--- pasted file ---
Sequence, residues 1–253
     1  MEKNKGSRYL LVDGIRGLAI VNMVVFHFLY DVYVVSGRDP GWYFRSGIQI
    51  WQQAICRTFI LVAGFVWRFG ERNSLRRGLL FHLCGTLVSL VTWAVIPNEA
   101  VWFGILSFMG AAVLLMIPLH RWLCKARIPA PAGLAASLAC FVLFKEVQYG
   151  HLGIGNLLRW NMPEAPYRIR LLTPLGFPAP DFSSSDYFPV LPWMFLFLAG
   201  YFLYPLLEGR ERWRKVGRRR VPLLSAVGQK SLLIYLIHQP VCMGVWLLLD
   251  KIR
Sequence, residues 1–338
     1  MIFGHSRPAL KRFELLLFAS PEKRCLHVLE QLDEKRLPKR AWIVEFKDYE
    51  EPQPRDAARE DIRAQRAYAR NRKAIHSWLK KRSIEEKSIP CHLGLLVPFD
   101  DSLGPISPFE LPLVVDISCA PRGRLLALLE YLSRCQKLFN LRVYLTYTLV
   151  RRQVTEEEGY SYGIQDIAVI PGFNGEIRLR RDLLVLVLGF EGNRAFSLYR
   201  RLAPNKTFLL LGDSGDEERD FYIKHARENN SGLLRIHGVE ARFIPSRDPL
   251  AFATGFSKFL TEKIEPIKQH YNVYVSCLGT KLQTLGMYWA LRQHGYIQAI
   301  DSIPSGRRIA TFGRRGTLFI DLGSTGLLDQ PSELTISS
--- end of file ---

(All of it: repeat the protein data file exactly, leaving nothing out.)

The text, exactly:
Sequence, residues 1–253
     1  MEKNKGSRYL LVDGIRGLAI VNMVVFHFLY DVYVVSGRDP GWYFRSGIQI
    51  WQQAICRTFI LVAGFVWRFG ERNSLRRGLL FHLCGTLVSL VTWAVIPNEA
   101  VWFGILSFMG AAVLLMIPLH RWLCKARIPA PAGLAASLAC FVLFKEVQYG
   151  HLGIGNLLRW NMPEAPYRIR LLTPLGFPAP DFSSSDYFPV LPWMFLFLAG
   201  YFLYPLLEGR ERWRKVGRRR VPLLSAVGQK SLLIYLIHQP VCMGVWLLLD
   251  KIR
Sequence, residues 1–338
     1  MIFGHSRPAL KRFELLLFAS PEKRCLHVLE QLDEKRLPKR AWIVEFKDYE
    51  EPQPRDAARE DIRAQRAYAR NRKAIHSWLK KRSIEEKSIP CHLGLLVPFD
   101  DSLGPISPFE LPLVVDISCA PRGRLLALLE YLSRCQKLFN LRVYLTYTLV
   151  RRQVTEEEGY SYGIQDIAVI PGFNGEIRLR RDLLVLVLGF EGNRAFSLYR
   201  RLAPNKTFLL LGDSGDEERD FYIKHARENN SGLLRIHGVE ARFIPSRDPL
   251  AFATGFSKFL TEKIEPIKQH YNVYVSCLGT KLQTLGMYWA LRQHGYIQAI
   301  DSIPSGRRIA TFGRRGTLFI DLGSTGLLDQ PSELTISS